After listening to live Rolling Thunder these past weeks, I’m now thinking Bob Dylan may have been better off not releasing a studio album for Desire. The best of that album was fleshed out live on the tour, before the studio album was released.  Desire could have been a live album, like Neil Young’s Time Fades Away, or Rust Never Sleeps albums.  In Young’s case it’s clear that this is the way these songs were meant to be heard.  And from what I’ve read (and heard now), the studio version of the Desire songs pales in comparison to what was witnessed on stage. 

“I was thinkin' about turquoise, I was thinkin' about gold
I was thinkin' about diamonds and the world's biggest necklace
As we rode through the canyons, through the devilish cold 
I was thinkin' about Isis, how she thought I was so reckless” --- “Isis”

December 7, Clinton, New Jersey: Clinton Correctional Facility

So, here’s where things start getting a little more serious.  Granted Bob Dylan was making a case throughout the tour in word, deed and song for Rubin “Hurricane” Carter, a black boxer convicted of the crime of murder, which he would later be acquitted of (in great part thanks to this tour).  But at the Clinton Correctional Facility, where Carter was incarcerated, as well as the last stop on the first leg of the tour in New York City’s Madison Square Garden, the focus on injustice would get ratcheted up significantly.  Dylan visited “the Hurricane” in prison, and played to inmates while there too.  The subsequent Madison Square Garden show would be a charity event to raise money for Carter’s defense. 

Clinton New Jersey is close to the Pennsylvania border.  Its where Bob Dylan and friends honored a moral Christian code by visiting the imprisoned.  Another angle of that moral code is sheltering the poor.  Coincidentally, my most significant memory of the area was in nearby Reading PA, where I spent a week with my daughter on a mission trip, doing our small part to help rebuild some of the lowest-income sections of that beleaguered city on the Schuylkill River.  Commitments like these can change a person.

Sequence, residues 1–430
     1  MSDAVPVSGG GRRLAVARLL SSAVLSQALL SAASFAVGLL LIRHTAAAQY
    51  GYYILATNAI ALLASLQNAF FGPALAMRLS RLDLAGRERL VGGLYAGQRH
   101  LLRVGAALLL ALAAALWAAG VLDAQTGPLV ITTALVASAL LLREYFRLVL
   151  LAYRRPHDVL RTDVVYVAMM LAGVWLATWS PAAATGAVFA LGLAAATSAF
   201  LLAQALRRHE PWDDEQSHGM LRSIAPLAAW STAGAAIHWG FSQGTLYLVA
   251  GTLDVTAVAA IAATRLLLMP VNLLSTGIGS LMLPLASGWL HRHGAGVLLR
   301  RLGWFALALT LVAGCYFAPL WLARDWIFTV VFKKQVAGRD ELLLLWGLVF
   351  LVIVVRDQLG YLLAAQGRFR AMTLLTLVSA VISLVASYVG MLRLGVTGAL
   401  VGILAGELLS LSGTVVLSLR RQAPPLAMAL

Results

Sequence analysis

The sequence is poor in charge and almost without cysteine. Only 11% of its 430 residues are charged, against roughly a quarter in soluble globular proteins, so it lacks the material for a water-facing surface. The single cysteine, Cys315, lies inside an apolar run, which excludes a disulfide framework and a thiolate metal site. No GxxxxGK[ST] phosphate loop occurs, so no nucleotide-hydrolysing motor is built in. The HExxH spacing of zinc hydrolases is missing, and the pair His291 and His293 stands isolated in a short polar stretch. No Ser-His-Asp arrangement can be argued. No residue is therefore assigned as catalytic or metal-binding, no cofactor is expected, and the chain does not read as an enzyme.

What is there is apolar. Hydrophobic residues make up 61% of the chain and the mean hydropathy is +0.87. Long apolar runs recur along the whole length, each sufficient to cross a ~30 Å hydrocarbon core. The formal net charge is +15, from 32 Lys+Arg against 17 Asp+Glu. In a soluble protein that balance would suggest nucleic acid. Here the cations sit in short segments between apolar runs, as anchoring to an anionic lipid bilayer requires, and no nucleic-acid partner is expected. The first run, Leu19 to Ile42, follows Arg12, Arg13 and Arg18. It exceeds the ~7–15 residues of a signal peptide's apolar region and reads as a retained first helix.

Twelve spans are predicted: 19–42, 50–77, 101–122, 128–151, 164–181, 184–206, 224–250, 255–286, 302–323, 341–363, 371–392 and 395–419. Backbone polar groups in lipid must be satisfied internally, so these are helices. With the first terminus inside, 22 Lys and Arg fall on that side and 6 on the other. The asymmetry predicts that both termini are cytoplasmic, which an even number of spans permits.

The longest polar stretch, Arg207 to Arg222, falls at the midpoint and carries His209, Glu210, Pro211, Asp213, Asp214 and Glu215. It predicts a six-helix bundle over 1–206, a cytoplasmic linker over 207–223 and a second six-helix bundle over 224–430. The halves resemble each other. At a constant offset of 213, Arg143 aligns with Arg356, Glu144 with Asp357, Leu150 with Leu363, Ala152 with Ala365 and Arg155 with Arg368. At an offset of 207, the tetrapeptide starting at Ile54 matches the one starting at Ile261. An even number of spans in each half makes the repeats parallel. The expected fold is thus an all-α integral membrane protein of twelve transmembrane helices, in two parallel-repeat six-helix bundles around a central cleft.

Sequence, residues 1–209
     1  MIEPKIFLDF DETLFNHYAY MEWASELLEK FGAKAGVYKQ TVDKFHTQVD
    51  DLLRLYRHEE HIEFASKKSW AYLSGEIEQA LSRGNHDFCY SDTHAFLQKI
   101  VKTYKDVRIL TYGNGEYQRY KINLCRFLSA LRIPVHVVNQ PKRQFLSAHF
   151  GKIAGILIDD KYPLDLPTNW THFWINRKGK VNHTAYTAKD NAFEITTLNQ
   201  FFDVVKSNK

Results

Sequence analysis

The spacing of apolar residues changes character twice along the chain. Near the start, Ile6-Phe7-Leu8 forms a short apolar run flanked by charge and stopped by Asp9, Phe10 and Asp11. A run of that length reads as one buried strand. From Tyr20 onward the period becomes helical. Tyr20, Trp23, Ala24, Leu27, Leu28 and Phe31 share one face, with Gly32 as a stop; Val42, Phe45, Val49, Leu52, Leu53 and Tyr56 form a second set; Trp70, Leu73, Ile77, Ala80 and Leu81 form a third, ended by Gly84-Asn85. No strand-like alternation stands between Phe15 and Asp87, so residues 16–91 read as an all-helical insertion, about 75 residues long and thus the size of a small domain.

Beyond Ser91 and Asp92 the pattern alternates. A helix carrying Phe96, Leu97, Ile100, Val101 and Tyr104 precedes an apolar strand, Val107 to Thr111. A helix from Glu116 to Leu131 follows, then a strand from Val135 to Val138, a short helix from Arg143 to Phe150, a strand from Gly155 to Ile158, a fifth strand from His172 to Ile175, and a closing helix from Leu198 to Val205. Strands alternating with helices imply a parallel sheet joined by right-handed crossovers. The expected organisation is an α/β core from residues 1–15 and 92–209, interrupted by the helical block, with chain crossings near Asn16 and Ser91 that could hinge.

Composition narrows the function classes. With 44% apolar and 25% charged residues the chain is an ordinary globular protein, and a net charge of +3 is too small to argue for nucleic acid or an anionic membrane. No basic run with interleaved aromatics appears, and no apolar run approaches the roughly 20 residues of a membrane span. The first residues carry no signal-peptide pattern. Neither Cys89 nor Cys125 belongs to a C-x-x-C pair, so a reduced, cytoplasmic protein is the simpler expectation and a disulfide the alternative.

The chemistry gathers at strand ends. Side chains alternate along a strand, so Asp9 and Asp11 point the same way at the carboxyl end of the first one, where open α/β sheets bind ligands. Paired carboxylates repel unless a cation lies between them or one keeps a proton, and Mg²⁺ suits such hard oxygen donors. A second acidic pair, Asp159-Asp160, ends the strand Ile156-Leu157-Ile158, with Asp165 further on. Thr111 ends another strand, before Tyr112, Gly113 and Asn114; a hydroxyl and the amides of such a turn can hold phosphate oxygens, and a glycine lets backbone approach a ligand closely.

There’s some good footage in the movie Renaldo and Clara of Rolling Thunder Review’s visit to the Clinton Correctional Facility, which includes Rubin Carter speaking in his own defense.  The scenes of the band performing in the prison reminds me of the great closing scene in Walk the Line when Joaquin Phoenix reenacts the famous Johnny Cash concert for inmates at Folsom Prison in 1968.  I’m sure Bob Dylan was inspired by his good friend Cash in this regard.

“Here comes the story of the Hurricane
The man the authorities came to blame
For somethin’ that he never done
Put in a prison cell, but one time he could-a been
The champion of the world” – “Hurricane”
( )

December 8, New York City, New York: Madison Square Garden

The Massachusetts-centric first leg of the Rolling Thunder Review tour ended in New York City.  Go figure!  But hey, us outward-bound Bostonians can appreciate the Big Apple on occasion.  Besides, it was Bob Dylan’s home turf in those days, and of course where his career took off.  And so, I believe it was apropos that the best tour of Dylan’s career would end in New York, as a charity event for a black boxer, with the goal of releasing him from jail for a crime he did not commit.

The seven times I’ve spent more than one day in New York City have all been incredible adventures.  I briefly discussed several in this 3-part series already.  Two others were fleshed out in their own blog entries, the first of which kinda comes at you from a boxer’s angle, which I wrote back in 2008 ( ).  The second included discussion points on my only visit to Madison Square Garden, to see the Who perform Quadrophenia ( ).  So obviously, New York has influenced me.  There’s no other place like it that I know of.

That’s it for my 3-part whirlwind summary of the first leg of the Rolling Thunder Review Tour, and the memories jarred out of me in relation to reading up on the tour stops.  Listening to Hard Rain and Bob Dylan Live, 1975 these past 3 weeks has me more convinced than ever that this Gypsy Caravan was living out something the Beatles envisioned in 1967.  Yes, this was the real Magical Mystery Tour.  I wish I was about five years older at the time.  I’m guessing I would have been there.

Back to the regular single part series next time.